Cours HDL (High Dimensional Statistical Learning) – M2 SIF

High Dimensional Statistical Learning (HDL)


This module provides a detailed overview of the mathematical foundations of modern statistical learning by describing the theoretical basis and the conceptual tools needed to analyze and justify the algorithms.  The emphasis is on problems involving high volumes of high dimensional datasets, and on dimension reduction techniques allowing to tackle them. The course involves detailed proofs of the main results and associated exercices.


PAC (probably approximately correct), random projection, PCA (principal component analysis), concentration inequalities, measures of statistical complexity


The prerequisites for this course include previous coursework in linear algebra, multivariate calculus, basic probability (continuous and discrete) and statistics.
Previous coursework in convex analysis, information theory, and optimization theory would be helpful but is not required. Students are expected to be able to follow a rigorous proof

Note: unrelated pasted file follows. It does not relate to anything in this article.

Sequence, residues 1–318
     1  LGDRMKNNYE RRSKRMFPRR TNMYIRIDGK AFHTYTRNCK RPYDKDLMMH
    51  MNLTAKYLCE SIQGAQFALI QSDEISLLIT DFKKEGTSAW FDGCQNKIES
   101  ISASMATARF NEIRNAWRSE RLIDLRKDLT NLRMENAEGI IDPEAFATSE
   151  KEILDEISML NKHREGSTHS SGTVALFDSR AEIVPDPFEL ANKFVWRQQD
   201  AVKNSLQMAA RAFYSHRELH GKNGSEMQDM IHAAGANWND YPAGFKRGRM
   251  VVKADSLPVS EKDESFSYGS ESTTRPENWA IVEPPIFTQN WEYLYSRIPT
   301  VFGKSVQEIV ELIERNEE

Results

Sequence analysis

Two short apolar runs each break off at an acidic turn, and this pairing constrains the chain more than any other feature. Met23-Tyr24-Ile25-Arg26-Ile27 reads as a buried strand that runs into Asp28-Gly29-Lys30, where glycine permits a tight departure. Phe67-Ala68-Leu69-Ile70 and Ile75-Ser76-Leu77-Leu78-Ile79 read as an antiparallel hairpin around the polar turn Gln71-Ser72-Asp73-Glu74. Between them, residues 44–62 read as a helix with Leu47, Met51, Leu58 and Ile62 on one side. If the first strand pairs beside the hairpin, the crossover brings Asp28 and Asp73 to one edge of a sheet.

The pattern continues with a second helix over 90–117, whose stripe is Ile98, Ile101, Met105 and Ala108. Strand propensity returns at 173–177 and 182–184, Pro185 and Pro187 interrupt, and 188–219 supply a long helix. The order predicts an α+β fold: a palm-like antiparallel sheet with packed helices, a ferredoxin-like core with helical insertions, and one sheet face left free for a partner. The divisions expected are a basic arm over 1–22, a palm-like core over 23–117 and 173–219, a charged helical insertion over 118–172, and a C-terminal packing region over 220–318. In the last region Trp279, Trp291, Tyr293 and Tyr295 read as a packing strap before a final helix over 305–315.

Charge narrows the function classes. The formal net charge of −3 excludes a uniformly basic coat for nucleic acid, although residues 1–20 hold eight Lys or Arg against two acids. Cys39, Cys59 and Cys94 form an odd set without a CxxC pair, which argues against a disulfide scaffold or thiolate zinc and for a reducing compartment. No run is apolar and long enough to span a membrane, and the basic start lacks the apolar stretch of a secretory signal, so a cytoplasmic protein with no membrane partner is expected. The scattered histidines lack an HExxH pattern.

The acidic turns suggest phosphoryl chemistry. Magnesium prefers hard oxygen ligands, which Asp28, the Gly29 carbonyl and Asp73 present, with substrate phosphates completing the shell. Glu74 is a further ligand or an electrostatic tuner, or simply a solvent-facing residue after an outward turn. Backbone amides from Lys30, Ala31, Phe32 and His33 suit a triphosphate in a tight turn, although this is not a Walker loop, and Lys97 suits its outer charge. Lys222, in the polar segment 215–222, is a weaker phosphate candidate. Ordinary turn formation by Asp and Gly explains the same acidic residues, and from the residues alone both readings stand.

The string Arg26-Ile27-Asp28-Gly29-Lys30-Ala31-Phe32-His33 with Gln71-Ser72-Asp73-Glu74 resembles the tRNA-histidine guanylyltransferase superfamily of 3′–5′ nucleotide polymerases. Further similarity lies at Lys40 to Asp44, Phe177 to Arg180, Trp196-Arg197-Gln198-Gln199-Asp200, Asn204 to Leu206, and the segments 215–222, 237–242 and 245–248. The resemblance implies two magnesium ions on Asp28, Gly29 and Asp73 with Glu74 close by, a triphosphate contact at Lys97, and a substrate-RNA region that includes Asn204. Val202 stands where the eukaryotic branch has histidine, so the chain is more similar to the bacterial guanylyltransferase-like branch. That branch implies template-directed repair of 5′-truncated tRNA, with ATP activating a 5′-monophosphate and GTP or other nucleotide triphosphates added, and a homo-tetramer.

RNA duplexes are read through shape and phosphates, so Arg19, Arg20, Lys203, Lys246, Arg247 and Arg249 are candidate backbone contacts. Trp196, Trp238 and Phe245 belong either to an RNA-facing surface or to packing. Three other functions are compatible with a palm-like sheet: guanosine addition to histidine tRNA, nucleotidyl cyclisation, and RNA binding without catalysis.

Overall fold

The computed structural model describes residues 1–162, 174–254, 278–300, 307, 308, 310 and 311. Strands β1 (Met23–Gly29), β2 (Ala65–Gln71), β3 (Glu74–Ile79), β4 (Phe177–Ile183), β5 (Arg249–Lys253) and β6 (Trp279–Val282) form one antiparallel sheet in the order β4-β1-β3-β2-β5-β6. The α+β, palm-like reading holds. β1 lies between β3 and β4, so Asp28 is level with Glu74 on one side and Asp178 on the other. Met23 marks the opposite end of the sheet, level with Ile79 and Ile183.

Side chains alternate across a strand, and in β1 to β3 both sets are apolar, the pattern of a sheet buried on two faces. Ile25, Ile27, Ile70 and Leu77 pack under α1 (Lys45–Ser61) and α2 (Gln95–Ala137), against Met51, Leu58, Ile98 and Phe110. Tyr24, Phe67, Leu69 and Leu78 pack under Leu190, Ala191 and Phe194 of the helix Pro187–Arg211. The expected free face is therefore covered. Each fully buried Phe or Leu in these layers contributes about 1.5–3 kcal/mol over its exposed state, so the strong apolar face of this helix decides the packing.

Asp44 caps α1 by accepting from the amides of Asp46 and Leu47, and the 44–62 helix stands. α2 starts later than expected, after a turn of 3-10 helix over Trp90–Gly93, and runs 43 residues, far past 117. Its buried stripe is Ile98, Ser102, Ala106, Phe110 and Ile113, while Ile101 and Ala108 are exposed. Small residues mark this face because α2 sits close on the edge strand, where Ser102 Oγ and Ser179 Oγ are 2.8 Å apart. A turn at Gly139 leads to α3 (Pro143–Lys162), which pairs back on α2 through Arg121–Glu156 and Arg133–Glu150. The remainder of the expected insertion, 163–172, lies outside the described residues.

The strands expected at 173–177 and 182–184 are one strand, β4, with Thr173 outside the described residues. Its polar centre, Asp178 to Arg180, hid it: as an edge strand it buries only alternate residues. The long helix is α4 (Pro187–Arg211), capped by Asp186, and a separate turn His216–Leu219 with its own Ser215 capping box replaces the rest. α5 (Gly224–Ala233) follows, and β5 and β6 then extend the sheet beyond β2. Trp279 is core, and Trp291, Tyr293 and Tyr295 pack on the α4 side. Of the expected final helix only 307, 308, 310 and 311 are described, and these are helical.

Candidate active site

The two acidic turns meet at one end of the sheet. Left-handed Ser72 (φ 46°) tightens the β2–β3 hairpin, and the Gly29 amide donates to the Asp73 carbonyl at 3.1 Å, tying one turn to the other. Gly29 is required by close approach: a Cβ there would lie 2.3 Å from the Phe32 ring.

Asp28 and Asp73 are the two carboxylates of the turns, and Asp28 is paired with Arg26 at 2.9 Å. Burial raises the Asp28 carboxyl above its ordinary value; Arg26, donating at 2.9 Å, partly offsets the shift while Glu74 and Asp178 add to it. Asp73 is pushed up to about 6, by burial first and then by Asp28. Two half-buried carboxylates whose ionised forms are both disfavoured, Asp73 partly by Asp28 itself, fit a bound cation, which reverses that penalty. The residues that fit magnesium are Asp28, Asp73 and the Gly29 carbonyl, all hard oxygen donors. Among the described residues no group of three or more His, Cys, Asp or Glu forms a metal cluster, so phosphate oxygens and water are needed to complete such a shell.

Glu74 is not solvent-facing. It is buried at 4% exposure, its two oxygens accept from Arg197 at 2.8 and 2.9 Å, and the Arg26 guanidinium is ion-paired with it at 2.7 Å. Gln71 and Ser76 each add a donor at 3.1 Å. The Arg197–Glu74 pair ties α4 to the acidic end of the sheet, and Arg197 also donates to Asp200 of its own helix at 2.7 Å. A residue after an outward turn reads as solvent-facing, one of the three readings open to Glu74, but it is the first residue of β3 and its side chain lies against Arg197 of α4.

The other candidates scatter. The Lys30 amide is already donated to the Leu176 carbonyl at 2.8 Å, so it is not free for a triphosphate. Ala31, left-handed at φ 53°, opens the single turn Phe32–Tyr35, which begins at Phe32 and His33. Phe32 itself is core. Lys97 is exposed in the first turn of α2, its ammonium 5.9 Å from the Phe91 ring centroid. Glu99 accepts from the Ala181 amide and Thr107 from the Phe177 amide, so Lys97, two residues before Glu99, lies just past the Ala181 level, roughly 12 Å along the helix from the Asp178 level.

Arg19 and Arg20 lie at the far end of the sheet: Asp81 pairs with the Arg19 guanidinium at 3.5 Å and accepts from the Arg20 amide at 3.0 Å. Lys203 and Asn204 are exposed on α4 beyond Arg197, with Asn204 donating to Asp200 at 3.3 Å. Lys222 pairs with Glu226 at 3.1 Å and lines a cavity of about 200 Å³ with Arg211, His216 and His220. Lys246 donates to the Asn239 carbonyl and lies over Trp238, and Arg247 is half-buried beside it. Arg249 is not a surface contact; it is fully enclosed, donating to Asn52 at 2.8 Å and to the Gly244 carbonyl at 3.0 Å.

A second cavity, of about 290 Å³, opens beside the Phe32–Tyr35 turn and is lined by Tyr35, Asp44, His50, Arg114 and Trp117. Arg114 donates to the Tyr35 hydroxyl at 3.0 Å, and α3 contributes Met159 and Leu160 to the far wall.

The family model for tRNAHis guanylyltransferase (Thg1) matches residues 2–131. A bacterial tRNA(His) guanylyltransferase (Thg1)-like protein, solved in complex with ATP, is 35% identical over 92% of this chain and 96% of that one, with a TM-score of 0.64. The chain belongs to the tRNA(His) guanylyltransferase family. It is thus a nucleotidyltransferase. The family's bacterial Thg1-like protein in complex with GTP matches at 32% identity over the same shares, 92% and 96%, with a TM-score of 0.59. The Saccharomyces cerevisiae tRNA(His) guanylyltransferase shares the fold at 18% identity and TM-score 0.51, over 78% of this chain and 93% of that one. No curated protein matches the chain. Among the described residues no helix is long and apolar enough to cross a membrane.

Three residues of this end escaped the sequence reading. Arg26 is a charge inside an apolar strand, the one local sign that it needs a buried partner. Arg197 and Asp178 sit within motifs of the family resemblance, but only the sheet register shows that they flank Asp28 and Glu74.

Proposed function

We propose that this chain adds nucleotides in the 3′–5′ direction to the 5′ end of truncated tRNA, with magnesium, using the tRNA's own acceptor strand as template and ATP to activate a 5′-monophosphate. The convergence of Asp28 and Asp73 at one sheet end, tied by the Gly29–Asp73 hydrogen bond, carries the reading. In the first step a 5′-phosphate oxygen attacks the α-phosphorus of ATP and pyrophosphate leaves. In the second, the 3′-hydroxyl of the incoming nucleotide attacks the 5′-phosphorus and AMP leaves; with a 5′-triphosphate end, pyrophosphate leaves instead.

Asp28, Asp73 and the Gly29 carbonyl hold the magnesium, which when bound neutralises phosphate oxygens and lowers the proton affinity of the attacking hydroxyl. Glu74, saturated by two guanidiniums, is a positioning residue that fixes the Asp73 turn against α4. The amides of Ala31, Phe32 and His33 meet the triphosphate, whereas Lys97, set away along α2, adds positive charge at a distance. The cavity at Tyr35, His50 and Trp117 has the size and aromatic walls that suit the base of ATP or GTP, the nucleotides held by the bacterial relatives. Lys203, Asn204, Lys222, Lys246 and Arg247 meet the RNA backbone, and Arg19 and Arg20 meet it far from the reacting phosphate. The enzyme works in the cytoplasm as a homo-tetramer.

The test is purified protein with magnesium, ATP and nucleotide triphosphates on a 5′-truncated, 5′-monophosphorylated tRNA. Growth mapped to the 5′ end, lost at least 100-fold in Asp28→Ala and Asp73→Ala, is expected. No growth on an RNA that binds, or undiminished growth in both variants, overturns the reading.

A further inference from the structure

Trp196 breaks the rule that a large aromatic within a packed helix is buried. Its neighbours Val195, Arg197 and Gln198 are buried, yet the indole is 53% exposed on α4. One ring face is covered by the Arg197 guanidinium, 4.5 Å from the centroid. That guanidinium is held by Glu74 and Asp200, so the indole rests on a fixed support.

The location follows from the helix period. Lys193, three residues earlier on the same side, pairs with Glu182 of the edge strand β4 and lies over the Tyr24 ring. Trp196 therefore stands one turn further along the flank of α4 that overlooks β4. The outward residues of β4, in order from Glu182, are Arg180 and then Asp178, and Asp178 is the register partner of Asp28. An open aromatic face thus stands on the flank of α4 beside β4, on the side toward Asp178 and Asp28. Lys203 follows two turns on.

• The PAC framework (probably approximately correct) for statistical learning
  • Measuring the complexity of a statistical learning problem
  • Dimension reduction
  • Sparsity and convex optimization for large scale learning (time allowing)
  • Notion of algorithmic stability (time allowing)

Acquired skills

  • Understanding the links between complexity and overfitting
  • Knowing the mathematical tools to measure learning complexity
  • Understanding the statistical and algorithmic stakes of large-scale learning
  • Understanding dimension reduction tools for learning


Rémi Gribonval (responsible), Aline Roumy

Etudiants (avec mot de passe)


Course schedule (2017-2018): see detailed times and rooms on ENT

  • 21/11, 1/12, 8/12 Rémi Gribonval
  • 24/11 Elisa Fromont
  • 15/12, 19/12, 22/12, 9/1 Aline Roumy
  • 16/1, 23/1 Rémi Gribonval

Evaluation modalities (details to come)

  • Paper presentation: oral evaluation on  12/1/2018
  • Written exam on 26/1/2018

Some references